Gone are the days where having a website was considered optional for a business. Today it's expected that every business will have a website, and for good reason!
Your website is (or should be) the primary source of information about your business, and it's the only place online that you have full control over. On any other platform, your business is subject to the rules and business practices of the platform you're listed on. This may mean that you're not allowed to publish certain information, content may be limited in length, or you may even have competitor's ads shown on your listing!
Your website is the one location that is completely under your control. No restrictions, no competition, and no fees - just you sharing exactly what you want your customers to know about you.
There are a lot of things that go into building a great website – many more than we could list. Here are a few of the most important:
While there are plenty of other technical elements that are necessary to make your site perform to its full potential, having interesting, accurate, and current content is probably the single most important factor in having a website that delights your visitors.
Your website is also treated as a source of information by search engines, local listing directories, and other online providers. These sites may "scrape" your site for information such as address, hours of operation, reviews, and even snippets of content that may answer search users questions. This makes it even more important to ensure that your website is reviewed regularly and kept up to date.
The web is constantly changing, and sites that don't change with it will gradually lose their visibility and impact. Search engines evolve on an almost-daily basis to accomodate new technology, security threats, and user habits. Over time, they introduce new recommendations and requirements that websites are expected to meet in order to continue being indexed. If you want your site to keep drawing visitors, it's important that your site is updated to meet these requirements.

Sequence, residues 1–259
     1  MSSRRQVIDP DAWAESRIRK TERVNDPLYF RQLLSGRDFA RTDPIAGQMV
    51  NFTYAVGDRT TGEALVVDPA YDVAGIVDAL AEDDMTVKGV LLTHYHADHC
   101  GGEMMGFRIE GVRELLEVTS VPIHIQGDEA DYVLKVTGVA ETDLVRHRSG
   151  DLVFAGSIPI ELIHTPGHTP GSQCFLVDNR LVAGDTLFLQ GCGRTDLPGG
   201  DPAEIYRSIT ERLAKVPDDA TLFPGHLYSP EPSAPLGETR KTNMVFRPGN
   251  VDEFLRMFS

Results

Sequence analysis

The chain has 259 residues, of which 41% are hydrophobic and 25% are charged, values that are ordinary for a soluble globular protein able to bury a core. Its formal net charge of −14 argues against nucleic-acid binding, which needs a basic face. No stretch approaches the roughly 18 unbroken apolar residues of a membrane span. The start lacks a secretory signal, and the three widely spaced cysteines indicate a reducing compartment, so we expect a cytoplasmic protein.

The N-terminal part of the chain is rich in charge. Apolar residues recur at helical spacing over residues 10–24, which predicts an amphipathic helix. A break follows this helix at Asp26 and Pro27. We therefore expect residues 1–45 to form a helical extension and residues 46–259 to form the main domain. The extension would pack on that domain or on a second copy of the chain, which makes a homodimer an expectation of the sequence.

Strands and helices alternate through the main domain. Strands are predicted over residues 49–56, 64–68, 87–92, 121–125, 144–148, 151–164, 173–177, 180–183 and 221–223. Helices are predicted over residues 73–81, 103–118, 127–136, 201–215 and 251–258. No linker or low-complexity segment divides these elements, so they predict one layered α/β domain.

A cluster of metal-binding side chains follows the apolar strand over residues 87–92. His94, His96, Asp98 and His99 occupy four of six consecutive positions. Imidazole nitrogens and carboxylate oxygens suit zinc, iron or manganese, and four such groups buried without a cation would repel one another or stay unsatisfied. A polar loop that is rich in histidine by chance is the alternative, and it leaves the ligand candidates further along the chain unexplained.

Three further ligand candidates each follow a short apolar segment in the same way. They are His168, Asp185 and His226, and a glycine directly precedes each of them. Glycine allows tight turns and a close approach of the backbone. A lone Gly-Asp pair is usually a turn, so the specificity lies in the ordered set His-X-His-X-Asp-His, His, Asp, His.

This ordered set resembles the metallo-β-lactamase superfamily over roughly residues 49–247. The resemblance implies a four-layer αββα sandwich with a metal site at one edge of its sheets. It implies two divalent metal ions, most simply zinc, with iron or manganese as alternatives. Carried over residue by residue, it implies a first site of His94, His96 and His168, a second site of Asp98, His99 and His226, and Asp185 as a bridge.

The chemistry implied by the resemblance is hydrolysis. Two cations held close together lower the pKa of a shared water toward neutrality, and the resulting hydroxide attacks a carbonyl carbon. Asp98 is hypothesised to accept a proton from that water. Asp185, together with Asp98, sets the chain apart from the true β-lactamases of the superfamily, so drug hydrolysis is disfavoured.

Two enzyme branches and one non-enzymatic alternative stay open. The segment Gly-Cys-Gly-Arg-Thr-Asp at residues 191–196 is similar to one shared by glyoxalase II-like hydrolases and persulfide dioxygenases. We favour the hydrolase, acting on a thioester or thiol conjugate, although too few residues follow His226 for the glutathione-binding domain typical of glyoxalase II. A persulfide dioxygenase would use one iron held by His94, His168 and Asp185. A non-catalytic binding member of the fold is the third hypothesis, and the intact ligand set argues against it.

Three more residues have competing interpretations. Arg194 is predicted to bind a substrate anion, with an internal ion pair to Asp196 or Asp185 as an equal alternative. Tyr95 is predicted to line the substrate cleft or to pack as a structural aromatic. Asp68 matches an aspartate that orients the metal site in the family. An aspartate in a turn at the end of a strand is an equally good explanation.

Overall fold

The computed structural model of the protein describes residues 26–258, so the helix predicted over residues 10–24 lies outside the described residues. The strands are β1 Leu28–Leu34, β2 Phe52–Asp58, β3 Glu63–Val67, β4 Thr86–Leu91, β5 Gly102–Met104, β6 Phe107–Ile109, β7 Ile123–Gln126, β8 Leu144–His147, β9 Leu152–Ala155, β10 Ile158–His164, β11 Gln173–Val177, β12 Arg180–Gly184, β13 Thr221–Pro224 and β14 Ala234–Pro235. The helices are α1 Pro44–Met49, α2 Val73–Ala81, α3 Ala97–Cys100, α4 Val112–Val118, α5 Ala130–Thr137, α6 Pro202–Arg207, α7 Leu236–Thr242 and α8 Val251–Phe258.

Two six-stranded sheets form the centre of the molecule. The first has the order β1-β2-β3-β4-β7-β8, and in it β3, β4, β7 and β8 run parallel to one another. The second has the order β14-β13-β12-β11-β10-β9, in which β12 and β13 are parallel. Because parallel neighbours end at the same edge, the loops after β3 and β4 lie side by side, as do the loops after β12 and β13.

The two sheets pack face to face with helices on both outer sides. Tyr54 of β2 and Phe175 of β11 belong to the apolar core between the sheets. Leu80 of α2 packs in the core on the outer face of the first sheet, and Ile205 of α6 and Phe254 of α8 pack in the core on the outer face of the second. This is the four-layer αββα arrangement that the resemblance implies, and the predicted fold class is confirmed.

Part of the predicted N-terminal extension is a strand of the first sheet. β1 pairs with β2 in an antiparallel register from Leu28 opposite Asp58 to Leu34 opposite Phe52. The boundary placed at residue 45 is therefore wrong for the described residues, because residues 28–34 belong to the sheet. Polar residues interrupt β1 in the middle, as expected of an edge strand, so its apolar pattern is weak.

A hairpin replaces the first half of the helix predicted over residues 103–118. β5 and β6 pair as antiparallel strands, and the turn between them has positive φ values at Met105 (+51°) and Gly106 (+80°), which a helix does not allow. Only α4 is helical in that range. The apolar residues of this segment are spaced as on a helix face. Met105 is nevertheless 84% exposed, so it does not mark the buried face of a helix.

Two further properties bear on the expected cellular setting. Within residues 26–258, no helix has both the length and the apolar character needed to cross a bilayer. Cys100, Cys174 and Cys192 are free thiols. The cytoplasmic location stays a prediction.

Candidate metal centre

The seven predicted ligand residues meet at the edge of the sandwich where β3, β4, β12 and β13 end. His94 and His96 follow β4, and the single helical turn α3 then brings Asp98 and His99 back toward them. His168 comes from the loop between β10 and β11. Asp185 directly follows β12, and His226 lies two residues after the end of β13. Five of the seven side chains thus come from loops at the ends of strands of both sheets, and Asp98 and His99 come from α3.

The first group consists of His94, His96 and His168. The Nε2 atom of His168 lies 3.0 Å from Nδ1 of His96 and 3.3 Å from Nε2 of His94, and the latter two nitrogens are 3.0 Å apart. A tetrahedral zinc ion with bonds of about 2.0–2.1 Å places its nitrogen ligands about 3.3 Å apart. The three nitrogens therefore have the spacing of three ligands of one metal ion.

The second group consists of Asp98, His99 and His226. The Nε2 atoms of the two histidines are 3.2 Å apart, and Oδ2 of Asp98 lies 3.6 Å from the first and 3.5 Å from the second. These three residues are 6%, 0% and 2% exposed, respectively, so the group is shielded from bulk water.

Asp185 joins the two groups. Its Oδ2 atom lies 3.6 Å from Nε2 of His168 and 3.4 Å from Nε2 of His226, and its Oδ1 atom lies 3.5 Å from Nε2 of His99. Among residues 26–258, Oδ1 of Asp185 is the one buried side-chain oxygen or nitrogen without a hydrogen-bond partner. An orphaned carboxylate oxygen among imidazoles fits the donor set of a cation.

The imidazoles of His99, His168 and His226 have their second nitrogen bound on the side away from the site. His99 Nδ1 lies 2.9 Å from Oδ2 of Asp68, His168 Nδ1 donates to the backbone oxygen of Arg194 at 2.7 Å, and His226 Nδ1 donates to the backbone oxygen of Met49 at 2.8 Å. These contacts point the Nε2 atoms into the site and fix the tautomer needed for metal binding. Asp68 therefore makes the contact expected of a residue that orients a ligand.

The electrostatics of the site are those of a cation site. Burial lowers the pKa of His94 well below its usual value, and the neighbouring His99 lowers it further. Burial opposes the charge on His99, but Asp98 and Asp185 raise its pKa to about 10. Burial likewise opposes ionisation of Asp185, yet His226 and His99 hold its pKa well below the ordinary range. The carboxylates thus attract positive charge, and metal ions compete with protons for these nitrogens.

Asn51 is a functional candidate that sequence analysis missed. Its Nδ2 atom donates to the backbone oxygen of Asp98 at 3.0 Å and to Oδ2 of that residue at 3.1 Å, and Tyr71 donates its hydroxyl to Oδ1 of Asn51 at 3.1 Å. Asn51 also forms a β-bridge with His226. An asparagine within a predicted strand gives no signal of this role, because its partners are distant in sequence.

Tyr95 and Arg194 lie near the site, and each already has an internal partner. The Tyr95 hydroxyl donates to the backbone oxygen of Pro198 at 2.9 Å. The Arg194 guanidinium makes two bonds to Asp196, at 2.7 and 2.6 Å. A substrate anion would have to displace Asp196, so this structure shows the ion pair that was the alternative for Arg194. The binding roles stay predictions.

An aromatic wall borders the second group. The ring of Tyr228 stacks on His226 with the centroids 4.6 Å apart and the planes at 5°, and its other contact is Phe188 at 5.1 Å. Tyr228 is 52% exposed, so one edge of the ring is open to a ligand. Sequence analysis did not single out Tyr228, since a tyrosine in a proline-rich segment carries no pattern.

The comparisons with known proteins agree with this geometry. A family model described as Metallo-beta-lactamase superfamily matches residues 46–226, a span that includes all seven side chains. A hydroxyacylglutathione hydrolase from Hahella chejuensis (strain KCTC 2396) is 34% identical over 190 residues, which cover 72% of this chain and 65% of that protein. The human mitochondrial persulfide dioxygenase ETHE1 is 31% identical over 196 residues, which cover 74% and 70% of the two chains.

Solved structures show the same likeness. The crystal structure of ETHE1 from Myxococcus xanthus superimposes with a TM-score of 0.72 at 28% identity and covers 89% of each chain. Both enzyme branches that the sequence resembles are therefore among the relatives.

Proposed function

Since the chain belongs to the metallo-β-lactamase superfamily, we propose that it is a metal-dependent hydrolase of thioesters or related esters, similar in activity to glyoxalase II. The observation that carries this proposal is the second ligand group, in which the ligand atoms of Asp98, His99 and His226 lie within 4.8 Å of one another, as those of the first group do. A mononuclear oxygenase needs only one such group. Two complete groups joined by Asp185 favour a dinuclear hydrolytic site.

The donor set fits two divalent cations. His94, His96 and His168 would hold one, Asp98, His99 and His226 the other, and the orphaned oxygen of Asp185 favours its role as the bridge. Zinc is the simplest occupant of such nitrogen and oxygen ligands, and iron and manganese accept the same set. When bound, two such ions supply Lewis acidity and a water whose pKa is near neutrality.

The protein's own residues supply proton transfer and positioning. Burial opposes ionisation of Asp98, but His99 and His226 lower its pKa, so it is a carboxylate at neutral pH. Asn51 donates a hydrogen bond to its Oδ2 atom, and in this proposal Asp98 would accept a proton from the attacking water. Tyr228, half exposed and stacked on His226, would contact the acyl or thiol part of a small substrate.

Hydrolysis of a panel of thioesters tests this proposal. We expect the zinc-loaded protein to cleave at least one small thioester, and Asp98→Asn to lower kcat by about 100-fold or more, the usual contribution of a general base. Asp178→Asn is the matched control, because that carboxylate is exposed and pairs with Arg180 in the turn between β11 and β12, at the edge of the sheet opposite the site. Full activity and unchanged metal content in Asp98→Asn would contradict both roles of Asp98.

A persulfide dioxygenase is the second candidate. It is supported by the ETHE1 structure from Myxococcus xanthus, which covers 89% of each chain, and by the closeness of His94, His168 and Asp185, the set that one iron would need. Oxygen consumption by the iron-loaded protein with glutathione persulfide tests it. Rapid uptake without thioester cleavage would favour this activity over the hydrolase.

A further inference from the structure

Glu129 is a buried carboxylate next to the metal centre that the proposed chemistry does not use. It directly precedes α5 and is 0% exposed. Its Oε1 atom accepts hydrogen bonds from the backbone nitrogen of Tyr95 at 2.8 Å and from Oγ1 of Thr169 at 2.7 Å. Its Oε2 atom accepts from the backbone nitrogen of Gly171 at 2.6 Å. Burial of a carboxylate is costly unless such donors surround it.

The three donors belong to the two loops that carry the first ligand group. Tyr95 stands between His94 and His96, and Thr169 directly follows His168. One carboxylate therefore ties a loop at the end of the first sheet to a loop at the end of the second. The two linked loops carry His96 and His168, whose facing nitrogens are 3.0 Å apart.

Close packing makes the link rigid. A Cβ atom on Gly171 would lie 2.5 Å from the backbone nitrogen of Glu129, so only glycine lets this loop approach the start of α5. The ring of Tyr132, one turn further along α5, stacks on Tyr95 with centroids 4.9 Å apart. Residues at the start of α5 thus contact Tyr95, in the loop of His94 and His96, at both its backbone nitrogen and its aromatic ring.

For example, Google has recently switched to mobile-first indexing, meaning that sites which are not optimized for mobile traffic are de-prioritized in most search results. Since nearly 70% of overall web traffic now comes from mobile devices, this can be a big hit. Google has also introduced Core Web Vitals, prioritizing sites that meet specific technical speed and optimization benchmarks. Slower sites that don't meet these standards are likewise de-prioritized in search results. The Chrome browser has switched to encrypted connections as a default, so sites that are not secured with an SSL certificate are blocked by an in-browser security alert. Missing the mark in any of these areas can dramatically impact your online visibility.
Visitors also have changing expectations. Sites that we would have considered modern and inviting only a few years ago now seem outdated and clunky. We've gone from browsing on low resolution desktop displays in the 90's, to larger, brighter and sharper laptop screens, and back to tiny phone displays. Sites that don't look great on every platform will frustrate their users and cost you visits.
Finally, and perhaps most important, having old and inaccurate information on your site is a sure way to lose business. Customers believe that they can trust whatever information they find on your site. Failing to update critical data such as hours of operation, holiday hours, or even staff bios is a betrayal of that trust. When customers make decisions based on the information they find on your site, and later learn that information was false, you've almost certainly destroyed that relationship.
After reading this article, you may have the impression that maintaining your website is simply a massive headache. That's where working with a digital partner (like Brentwood Visual) can greatly simplify the task. Our team works hard to stay up to date on the latest design and technical innovations and requirements. Our goal is that each of our clients has a website that they are proud to point customers to, secure in the knowlege that the site is a good representation of their business.